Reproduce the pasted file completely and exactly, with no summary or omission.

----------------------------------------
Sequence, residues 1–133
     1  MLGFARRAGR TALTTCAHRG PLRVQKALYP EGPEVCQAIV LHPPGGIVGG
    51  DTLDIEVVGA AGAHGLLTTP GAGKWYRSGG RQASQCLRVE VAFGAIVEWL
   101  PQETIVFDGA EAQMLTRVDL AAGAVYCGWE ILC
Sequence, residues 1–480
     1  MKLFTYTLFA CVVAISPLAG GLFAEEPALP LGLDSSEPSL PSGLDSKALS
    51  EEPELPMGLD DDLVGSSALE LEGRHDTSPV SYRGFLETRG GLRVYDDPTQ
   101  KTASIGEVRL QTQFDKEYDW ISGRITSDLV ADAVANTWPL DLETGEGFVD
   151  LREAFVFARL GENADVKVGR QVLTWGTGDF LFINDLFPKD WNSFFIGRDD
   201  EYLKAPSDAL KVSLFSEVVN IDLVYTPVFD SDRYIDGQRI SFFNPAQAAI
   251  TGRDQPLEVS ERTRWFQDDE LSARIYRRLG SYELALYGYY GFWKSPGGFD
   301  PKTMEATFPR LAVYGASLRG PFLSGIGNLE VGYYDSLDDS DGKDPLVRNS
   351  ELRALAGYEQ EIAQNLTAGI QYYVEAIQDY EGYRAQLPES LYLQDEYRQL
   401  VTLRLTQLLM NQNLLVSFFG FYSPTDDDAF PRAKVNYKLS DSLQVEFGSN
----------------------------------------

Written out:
Sequence, residues 1–133
     1  MLGFARRAGR TALTTCAHRG PLRVQKALYP EGPEVCQAIV LHPPGGIVGG
    51  DTLDIEVVGA AGAHGLLTTP GAGKWYRSGG RQASQCLRVE VAFGAIVEWL
   101  PQETIVFDGA EAQMLTRVDL AAGAVYCGWE ILC
Sequence, residues 1–480
     1  MKLFTYTLFA CVVAISPLAG GLFAEEPALP LGLDSSEPSL PSGLDSKALS
    51  EEPELPMGLD DDLVGSSALE LEGRHDTSPV SYRGFLETRG GLRVYDDPTQ
   101  KTASIGEVRL QTQFDKEYDW ISGRITSDLV ADAVANTWPL DLETGEGFVD
   151  LREAFVFARL GENADVKVGR QVLTWGTGDF LFINDLFPKD WNSFFIGRDD
   201  EYLKAPSDAL KVSLFSEVVN IDLVYTPVFD SDRYIDGQRI SFFNPAQAAI
   251  TGRDQPLEVS ERTRWFQDDE LSARIYRRLG SYELALYGYY GFWKSPGGFD
   301  PKTMEATFPR LAVYGASLRG PFLSGIGNLE VGYYDSLDDS DGKDPLVRNS
   351  ELRALAGYEQ EIAQNLTAGI QYYVEAIQDY EGYRAQLPES LYLQDEYRQL
   401  VTLRLTQLLM NQNLLVSFFG FYSPTDDDAF PRAKVNYKLS DSLQVEFGSN